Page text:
Not least: when

(click to show/hide)at the end, Tom is sitting restrained and Neil screeches something about deactivating "this brain loves you" - well, was such a mad-scientist like outburst really necessary at that point? For whose benefit was it? Tom's, in the last moments of normalcy? Everything he tells him, his own desire to "speak with the real Tom"...

Could Bakker be getting at something here?
--- End quote ---

What Came Before:

--- Quote from: Curethan ---Can't really coment on Fine or Neuropath cuz I aint read them.
But Kellhus' whelming illustrated to me that it was about mastering emotions (because they are a product of the darkness) in place of eliminating them.
--- End quote ---

What Came Before:

--- Quote from: Bakker User ---Alright, I hadn't considered that. I can't locate the passage on his training, but it seemed to me as though it's meant to Condition numbness into them, make them insensate to pains and fears and by extension anything else.

But I could see your point reflected in the children of Kellhus and Esmenet: though Theliopa's interesting, and Cayutas we don't see beyond the facade of, the emotional volatility of the loony and the twins makes more sense as a portrayal of the consequences of a lack of control in Dunyain...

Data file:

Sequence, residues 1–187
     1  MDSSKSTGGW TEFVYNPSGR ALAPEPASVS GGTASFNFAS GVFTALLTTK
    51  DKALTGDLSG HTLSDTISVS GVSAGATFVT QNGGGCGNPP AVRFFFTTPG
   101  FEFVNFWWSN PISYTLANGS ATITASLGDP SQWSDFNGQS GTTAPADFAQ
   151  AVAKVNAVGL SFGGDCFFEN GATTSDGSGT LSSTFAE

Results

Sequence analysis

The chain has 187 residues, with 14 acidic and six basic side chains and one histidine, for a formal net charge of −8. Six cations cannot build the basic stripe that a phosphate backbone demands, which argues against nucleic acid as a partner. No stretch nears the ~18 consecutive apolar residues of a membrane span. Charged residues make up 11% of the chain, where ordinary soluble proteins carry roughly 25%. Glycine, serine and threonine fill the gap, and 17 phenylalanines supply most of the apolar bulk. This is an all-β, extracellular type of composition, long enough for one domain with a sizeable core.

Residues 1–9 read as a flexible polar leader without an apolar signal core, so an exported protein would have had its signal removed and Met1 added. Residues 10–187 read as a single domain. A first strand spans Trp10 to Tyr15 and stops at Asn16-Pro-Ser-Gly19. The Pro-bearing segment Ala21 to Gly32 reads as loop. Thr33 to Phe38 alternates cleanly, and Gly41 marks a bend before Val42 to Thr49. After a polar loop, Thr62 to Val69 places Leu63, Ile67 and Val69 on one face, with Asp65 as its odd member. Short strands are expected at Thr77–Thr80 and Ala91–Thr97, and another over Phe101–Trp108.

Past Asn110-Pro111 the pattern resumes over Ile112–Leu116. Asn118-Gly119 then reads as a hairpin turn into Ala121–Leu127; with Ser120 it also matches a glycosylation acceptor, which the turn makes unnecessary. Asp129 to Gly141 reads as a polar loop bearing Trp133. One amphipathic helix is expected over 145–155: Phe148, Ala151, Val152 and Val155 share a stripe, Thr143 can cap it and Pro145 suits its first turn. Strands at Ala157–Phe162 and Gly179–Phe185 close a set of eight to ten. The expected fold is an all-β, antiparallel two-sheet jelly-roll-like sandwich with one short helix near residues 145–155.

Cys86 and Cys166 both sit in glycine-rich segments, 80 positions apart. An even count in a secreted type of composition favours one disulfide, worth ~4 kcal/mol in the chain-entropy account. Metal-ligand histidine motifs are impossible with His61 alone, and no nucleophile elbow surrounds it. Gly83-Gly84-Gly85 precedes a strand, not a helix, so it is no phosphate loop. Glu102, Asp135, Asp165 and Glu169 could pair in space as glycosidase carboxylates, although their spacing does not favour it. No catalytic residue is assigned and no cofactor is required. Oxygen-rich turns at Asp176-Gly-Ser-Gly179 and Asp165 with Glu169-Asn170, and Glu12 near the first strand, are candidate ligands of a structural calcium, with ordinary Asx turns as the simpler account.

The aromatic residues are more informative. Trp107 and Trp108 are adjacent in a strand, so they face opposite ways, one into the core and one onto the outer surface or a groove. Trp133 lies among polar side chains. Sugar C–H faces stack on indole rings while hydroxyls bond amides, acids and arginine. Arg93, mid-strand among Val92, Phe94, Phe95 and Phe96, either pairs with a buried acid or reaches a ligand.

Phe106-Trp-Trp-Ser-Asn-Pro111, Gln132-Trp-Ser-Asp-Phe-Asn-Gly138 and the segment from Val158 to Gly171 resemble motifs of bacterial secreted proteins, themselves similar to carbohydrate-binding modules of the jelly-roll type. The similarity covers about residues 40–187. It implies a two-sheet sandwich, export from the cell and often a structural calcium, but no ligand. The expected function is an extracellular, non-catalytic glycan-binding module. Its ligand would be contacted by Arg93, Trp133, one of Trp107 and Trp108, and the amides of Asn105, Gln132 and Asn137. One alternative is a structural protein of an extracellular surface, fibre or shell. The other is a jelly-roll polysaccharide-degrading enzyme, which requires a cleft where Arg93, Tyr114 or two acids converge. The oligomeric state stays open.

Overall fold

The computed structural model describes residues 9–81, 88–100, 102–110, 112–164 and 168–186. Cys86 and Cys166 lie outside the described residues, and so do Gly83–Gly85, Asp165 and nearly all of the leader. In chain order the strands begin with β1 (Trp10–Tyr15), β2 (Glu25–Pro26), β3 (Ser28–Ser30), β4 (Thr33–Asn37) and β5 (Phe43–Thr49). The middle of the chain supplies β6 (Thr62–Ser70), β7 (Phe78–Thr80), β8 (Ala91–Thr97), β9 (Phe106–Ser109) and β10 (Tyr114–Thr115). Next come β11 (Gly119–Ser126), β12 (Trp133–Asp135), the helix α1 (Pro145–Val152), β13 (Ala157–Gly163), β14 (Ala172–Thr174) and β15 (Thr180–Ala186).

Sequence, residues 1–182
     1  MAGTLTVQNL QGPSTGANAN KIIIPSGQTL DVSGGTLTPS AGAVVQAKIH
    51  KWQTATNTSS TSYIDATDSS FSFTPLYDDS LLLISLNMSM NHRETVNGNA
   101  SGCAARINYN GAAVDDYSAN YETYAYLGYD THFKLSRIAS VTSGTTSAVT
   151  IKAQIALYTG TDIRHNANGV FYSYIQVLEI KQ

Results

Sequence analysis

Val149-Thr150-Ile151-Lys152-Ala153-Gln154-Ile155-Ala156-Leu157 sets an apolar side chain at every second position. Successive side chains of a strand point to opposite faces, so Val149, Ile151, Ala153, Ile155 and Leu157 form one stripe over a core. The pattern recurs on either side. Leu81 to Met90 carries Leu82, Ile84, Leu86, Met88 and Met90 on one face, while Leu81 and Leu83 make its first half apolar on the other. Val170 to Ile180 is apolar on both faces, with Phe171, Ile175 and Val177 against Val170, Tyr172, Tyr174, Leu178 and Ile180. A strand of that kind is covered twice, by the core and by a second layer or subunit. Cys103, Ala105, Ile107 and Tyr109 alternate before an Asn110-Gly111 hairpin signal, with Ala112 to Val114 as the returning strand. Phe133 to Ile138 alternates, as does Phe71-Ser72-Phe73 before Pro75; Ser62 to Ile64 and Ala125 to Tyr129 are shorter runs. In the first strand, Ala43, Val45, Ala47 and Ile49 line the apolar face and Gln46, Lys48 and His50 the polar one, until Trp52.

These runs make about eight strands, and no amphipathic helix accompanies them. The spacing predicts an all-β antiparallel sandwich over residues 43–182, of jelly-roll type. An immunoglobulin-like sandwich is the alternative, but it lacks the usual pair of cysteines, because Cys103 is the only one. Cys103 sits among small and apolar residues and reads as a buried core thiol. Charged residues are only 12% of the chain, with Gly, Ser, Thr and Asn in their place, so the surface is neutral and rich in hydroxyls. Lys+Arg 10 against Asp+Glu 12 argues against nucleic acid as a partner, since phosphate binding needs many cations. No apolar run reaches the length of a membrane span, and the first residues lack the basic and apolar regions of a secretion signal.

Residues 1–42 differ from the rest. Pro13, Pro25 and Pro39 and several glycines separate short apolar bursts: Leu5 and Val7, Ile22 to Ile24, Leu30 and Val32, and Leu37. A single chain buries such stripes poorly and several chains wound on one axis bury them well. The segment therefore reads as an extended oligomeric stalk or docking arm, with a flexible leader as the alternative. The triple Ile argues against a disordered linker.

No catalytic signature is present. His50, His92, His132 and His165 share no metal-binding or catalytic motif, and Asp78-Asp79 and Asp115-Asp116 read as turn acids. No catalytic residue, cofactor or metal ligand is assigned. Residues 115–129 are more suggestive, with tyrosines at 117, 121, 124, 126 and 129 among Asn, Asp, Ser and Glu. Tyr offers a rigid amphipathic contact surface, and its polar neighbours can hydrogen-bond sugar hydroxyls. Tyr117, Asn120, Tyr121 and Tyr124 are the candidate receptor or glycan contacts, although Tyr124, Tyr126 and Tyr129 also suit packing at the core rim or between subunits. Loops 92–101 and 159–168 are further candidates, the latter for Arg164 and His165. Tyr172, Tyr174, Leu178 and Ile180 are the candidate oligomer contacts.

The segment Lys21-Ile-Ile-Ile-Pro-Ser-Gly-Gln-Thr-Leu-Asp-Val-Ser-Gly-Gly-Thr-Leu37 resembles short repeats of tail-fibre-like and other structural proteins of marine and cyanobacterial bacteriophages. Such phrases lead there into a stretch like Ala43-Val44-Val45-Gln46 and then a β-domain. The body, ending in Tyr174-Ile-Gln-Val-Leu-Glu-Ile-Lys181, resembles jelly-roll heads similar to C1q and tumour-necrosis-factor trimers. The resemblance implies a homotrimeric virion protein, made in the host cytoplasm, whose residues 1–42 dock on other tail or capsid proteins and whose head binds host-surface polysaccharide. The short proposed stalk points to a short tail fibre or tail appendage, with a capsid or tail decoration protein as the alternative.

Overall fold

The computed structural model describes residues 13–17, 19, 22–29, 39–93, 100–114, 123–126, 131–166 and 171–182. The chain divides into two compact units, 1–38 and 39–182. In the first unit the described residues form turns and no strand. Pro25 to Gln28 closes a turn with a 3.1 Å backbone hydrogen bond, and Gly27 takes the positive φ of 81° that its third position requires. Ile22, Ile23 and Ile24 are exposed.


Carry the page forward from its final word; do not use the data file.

Though the biggest counter, as I see it, is that in Earwa the non-physical soul actually exists. That certainly throws a wrench into the neuroscience.
--- End quote ---

What Came Before:

--- Quote from: Madness ---Some thoughts, Bakker User.

From my old Emotion & Motivation notes:

"1. Actions. Emotions are actions commonly deemed "emotional," such as defending or attacking in response to a threat. This aspect of emotion is especially relevant to Darwin's view of the functional roles of emotion. He suggested that emotions have an important survival role because they aid in generating appropriate reactions to "emergency" events in the environment, such as the sudden appearance of a predator.

2. Physiological arousal. Emotion is a state of physiological arousal--an expression or display of distinctive somatic and autonomic responses. This emphasis suggests that emotional states can be defined by particular constellations of bodily responses. The physiological arousal that accompanies emotion allows us to examine emotion in nonhuman animals as well as in human beings.